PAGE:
UK employment increased further in the three months to December to set a fresh record, while joblessness remained unchanged, indicating the resilience of the labor market amid the uncertainty surrounding Brexit and the general election. The number of employed rose 180,000 from the previous three months, figures from the Office for National Statistics showed on Tuesday, which exceeded the 145,000 growth economists had forecast. Job growth was mainly driven by quarterly increases for full-time workers by 203,000, which was the largest increase since March to May 2014, and for women by 150,000, which was the biggest gain since February to April 2014. The number of women working full-time increased by 150,000, marking the largest rise since November 2012 to January 2013.
The employment rate rose by 0.4 percentage points to a record high of 76.5 percent.
The number of unemployed fell by 16,000 people quarterly to 1.29 million, while the jobless rate was unchanged at 3.8 percent as expected. The rate was the joint lowest since early 1975.
The economic inactivity rate fell by 0.3 percentage points to a record low of 20.5 percent in the three months to December. Meanwhile, vacancies grew by 7,000 to 810,000 for the November to January quarter.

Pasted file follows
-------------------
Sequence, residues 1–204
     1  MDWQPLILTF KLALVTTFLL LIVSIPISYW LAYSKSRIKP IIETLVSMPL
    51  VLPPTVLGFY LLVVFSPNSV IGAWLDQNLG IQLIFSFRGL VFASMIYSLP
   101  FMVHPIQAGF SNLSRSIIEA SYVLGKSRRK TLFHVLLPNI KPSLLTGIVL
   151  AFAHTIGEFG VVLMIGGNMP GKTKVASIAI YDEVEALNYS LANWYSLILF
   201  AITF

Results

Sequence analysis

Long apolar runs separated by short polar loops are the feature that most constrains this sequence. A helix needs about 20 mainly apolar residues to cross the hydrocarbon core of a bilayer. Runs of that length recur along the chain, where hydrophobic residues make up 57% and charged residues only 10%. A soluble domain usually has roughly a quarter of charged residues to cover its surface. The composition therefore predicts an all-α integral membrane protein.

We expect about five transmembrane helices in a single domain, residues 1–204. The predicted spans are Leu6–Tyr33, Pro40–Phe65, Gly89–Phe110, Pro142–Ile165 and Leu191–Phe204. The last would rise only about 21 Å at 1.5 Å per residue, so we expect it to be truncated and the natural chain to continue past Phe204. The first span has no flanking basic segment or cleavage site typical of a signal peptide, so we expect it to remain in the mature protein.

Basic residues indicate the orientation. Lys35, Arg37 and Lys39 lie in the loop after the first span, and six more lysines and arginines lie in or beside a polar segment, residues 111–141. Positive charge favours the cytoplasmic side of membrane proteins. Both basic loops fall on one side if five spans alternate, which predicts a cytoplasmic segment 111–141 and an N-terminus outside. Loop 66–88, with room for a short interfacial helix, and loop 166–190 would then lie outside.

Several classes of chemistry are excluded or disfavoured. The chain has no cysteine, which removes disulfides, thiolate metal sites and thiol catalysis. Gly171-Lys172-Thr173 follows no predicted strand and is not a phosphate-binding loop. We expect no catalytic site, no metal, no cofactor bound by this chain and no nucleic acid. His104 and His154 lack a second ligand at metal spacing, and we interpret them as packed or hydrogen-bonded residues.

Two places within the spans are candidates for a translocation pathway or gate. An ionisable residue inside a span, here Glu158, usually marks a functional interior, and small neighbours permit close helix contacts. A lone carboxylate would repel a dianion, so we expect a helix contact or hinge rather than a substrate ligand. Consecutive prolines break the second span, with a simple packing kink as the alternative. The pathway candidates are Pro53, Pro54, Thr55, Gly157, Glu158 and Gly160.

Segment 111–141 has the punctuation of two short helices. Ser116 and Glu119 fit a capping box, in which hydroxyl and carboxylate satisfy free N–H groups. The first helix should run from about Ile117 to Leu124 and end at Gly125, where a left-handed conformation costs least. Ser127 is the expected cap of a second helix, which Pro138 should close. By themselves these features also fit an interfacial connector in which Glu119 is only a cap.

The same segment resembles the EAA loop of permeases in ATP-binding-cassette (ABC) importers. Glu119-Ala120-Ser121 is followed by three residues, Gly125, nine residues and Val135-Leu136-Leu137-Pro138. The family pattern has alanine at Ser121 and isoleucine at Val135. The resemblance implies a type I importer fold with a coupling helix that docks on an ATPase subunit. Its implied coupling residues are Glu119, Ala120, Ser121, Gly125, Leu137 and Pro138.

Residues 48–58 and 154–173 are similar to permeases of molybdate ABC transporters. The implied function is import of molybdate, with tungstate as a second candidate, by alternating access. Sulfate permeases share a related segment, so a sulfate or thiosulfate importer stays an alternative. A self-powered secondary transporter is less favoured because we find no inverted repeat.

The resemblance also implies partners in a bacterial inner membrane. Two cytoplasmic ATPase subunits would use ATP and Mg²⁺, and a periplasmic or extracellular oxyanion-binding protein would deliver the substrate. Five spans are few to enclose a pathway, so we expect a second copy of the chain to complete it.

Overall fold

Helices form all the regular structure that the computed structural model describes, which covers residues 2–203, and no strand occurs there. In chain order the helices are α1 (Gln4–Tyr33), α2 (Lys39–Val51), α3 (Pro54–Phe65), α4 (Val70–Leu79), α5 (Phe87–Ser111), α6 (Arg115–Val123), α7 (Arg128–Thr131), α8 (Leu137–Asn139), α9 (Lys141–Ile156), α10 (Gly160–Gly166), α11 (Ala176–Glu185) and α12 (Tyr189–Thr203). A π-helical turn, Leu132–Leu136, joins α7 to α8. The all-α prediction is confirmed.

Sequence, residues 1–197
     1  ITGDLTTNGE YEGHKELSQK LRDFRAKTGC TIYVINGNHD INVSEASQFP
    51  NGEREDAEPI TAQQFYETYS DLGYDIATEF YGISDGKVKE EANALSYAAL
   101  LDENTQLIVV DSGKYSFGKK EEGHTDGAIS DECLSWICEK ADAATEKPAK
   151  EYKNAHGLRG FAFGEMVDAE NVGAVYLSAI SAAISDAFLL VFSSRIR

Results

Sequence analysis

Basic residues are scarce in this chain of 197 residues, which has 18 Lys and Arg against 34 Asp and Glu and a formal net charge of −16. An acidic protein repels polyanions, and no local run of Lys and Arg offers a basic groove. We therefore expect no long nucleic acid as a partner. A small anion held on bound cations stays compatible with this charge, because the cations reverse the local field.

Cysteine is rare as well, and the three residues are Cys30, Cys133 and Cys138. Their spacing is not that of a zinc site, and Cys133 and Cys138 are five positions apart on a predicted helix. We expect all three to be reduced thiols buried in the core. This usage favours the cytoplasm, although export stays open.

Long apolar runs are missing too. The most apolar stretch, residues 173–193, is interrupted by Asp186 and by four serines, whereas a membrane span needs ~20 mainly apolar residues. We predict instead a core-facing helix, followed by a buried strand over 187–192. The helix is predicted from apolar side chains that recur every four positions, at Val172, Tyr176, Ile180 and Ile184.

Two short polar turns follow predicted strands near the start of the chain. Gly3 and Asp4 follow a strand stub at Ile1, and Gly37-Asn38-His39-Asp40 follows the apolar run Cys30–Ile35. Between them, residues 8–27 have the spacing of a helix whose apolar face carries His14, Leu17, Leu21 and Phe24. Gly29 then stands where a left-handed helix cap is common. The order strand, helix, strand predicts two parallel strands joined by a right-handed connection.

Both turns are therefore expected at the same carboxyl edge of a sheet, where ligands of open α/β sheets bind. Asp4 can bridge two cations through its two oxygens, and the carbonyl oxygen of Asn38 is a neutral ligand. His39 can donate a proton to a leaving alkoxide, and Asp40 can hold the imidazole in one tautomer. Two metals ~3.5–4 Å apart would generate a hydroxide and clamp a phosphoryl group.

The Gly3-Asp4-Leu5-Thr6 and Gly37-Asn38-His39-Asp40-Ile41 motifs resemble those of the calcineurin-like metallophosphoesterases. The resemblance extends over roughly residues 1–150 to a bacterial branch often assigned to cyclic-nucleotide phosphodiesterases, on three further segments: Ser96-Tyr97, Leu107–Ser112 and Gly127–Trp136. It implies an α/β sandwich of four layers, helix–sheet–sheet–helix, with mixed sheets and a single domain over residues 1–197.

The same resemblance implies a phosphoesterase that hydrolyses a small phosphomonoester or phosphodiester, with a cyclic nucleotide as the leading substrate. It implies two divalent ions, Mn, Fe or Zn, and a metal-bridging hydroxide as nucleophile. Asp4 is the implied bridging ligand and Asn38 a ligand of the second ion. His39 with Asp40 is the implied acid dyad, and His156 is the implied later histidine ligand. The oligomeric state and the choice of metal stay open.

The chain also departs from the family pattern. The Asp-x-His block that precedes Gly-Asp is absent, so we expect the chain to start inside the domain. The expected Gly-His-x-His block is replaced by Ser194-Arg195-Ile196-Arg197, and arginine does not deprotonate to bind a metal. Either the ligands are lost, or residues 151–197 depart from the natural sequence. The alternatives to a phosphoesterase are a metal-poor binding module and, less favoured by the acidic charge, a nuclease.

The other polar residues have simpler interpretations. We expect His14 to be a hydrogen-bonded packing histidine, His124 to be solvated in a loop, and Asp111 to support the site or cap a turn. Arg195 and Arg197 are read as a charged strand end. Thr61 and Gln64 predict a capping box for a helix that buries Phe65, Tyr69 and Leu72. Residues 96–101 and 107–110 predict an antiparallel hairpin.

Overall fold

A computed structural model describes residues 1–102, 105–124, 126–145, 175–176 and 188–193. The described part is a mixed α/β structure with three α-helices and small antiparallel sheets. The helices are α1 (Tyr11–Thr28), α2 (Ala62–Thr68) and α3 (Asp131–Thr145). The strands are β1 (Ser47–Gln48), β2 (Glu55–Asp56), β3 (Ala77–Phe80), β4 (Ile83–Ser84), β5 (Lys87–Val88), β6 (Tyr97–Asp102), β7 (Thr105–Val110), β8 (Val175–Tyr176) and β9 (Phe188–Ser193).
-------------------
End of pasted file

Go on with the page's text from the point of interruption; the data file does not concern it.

However, pay growth slowed with the annual growth in average weekly earnings including bonuses easing to 2.9 percent from 3.2 percent in November. Economists had forecast a 3 percent increase.
Total pay excluding bonuses fell to 3.2 percent from 3.4 percent. Economists had expected a 3.3 percent growth. “In real terms, regular earnings have finally risen above the level seen in early 2008, but pay including bonuses is still below its pre-downturn peak,” ONS Deputy head of labor market statistics Myrto Miltiadou said.
Further, the ONS reported that the labor productivity, or output per hour, grew 0.3 percent sequentially in the fourth quarter of 2019, thanks to the gross value added growing faster than hours worked. ING economist James Smith said lower wage growth is unlikely to influence the Bank of England. “We think the bar for cutting interest rates will still be set relatively high in the next couple of meetings,” the economist said.
“Barring a material deterioration in growth, we expect rates to remain on hold this year.”
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